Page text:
blogging, family, life

The Reluctant Caregiver

Thank you for reading my blog. Yes, you who are reading this right now. I have benefited from the support in this blogging community and would like to give support in return by offering a once per month guest post.

So, today I’d like to introduce you to a wonderful member of our blogging community.

Joy and I have followed each other for a long time. When I first met her, she had recently lost her father and started a blog in remembrance of him. She soon had an ailing mother who needed her help. That’s when things got really rough, and her blog changed shape from there. Her experiences with her parents catapulted her into promoting advocacy for caregivers to which she also volunteers her time. Now, she’s even wrote a book about those experiences. I’ll let her tell you the rest.


Not everyone is born a natural caregiver.

As a thirty-something career woman, I was focused on my job as a journalist and concerned about finances. I am not a mother, and have never even changed a baby’s diaper. I have pets, but scooping a litter box, taking the dog for a walk, and filling food bowls is a far cry from the complexities of motherhood.

Then my parents became ill. My father developed dementia, and I watched from afar as my mother struggled to care for him, as I live in Georgia and my parents retired in New Mexico. Eventually, he ended up in a memory care center, and died within a year. I was still grappling with the grief and guilt surrounding my father’s death when my mother suddenly fell ill six months later.

My mother was diagnosed with stage III colon cancer and required emergency surgery. As an only child, I had no choice but to step up and fill the family caregiver shoes, though I felt woefully unprepared for the role. Over the next year, I quit my job and temporarily moved to New Mexico to help with my mother’s recovery. I learned more about my mother — and myself — than I ever imagined possible.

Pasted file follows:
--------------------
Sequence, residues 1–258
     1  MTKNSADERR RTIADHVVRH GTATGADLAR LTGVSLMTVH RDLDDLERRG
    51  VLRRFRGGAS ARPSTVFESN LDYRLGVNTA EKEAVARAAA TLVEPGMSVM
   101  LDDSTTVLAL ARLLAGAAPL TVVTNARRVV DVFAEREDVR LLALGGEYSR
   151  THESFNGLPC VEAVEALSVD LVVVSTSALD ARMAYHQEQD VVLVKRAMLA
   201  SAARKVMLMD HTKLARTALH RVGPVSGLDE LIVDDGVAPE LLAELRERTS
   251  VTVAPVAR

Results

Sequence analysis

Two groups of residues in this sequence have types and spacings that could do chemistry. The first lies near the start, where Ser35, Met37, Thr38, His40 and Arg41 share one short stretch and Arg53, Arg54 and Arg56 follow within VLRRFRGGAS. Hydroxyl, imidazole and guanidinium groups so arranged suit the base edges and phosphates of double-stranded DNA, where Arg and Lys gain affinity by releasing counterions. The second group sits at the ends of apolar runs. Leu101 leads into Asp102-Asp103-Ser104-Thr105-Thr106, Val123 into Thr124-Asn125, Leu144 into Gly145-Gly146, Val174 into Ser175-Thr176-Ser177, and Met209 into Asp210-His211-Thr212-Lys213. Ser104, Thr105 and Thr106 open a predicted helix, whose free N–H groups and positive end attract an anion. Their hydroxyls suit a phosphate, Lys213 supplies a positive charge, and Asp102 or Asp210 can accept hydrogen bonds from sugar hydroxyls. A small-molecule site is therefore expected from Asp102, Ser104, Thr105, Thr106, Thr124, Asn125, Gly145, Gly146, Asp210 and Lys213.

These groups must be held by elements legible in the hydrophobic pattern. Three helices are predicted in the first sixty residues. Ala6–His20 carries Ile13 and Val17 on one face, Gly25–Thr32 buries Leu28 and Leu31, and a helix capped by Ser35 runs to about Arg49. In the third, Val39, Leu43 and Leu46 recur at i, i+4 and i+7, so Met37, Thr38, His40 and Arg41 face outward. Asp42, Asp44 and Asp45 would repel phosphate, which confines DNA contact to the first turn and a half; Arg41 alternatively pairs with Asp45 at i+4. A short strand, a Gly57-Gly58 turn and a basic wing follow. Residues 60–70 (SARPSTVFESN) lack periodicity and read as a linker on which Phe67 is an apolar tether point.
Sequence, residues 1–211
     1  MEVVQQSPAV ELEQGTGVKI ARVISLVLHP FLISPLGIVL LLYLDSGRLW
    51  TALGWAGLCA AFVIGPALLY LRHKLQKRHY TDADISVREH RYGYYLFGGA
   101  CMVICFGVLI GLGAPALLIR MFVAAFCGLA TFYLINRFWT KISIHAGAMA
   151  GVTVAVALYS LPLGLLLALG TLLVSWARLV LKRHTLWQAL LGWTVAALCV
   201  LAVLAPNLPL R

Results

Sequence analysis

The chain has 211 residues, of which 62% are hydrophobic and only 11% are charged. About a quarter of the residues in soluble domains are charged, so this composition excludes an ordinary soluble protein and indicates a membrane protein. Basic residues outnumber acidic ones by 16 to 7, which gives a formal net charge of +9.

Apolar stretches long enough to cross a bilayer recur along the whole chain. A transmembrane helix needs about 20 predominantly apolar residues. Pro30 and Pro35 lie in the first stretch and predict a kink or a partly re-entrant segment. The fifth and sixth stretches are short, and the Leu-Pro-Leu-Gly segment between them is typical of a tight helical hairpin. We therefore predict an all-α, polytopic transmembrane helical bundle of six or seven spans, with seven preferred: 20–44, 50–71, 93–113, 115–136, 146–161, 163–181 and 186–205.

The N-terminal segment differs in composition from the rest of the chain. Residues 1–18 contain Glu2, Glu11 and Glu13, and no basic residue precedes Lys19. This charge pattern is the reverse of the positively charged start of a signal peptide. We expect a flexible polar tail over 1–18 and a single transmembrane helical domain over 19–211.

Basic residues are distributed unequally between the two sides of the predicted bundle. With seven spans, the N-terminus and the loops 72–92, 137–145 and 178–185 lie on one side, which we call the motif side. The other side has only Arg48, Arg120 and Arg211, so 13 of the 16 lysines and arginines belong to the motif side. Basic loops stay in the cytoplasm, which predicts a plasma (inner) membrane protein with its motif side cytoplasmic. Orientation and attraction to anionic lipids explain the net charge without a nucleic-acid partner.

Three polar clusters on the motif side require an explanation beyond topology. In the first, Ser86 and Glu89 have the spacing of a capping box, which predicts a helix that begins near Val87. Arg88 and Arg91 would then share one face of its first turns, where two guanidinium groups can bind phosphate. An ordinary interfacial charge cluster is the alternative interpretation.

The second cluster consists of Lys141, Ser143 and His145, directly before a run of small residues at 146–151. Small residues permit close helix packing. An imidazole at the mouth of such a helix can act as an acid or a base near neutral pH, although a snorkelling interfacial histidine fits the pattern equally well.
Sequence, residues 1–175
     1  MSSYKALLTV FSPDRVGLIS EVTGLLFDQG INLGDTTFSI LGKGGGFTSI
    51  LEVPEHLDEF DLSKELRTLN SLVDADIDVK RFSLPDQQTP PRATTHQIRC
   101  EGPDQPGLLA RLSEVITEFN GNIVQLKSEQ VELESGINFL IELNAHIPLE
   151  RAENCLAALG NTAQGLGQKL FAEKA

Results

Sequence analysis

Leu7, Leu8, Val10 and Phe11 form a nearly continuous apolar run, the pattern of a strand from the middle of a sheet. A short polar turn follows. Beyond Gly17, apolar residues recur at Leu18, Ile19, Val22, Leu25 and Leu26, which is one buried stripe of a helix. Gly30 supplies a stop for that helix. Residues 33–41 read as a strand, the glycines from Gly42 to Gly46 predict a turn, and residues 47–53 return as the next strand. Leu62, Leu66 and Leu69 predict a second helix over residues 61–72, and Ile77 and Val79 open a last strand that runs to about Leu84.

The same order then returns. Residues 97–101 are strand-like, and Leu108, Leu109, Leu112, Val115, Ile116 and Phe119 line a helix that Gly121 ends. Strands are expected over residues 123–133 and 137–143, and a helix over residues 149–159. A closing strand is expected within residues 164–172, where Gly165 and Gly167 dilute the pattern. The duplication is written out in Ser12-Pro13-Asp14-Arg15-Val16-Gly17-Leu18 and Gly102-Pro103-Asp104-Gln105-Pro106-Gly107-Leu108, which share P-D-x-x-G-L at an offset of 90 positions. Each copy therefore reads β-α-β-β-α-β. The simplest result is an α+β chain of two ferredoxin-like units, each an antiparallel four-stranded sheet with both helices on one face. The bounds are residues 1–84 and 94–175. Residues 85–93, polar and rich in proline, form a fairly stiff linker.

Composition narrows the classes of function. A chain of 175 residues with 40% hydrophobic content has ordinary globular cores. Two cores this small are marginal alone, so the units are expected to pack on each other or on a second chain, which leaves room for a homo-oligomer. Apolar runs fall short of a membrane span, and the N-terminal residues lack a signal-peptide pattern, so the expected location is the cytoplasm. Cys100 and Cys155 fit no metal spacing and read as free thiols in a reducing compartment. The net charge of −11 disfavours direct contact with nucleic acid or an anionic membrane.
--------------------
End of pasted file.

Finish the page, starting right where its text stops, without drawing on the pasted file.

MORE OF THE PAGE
The Reluctant Caregiver is a collection of essays I wrote over the span of several years about the trials and tribulations of caregiving. I believe the book will resonate with younger family caregivers who may find the task especially challenging. The essays explore raw emotions in unfiltered fashion, and some essays contain language that some may find objectionable. I hope readers will be moved by these stories, to laugh, to cry, and to get angry at the injustices in our health care system. I also hope you will be moved to become a caregiver advocate, because if I learned anything from this experience, it is that caregivers are not valued nearly enough in our society. If you’d like to learn more, follow my blog, The Memories Project, and visit my website.


Joy Johnston is an experienced digital journalist who has covered everything from terrorist attacks to the cat that’s Donald Trump’s doppelgänger. She received the 2015 Rick Bragg Prize for Nonfiction from the Atlanta Writers Club. Her work has been published in Chicken Soup for the Soul and other anthologies. She writes about dementia and caregiving on her blog, The Memories Project, and is a featured author on The Caregiver Space.

Book link:

Digital copy available for free for your blog followers:

Note: Paperback version to be available soon.


30 thoughts on “The Reluctant Caregiver”

  1. I think If we only think ourselves the time when we are still a baby when our parents care us happily even if keeps on doing wrong broke everything messed up everything pee in our pants, pooh in our pants etc but still they don’t complain they are happy giving us care what we need, they are happy to see our cute smiles, so I think caring them is just viceversa on what they did to us

    Liked by 1 person

    1. Hi Giovanni. Yes, our parents do nurture and care for us lovingly throughout our childhoods. They’re always so strong for us, and it’s difficult to watch them deteriorate with age. You’re right, they need our support.

      Thanks for reading about Joy’s book.

      Liked by 1 person

      1. Hello Lori, agreed, I am now thinking what to do with my parents when they grow old that I repay them on what they had done to me when I was still a baby, You’re Welcome. I love your story

        Liked by 1 person

    1. So true that being an only child in a caregiving situation has its pros and cons. No siblings to fight over care issues, but often the only child ends up being solely responsible for care and difficult decision-making.

      Liked by 2 people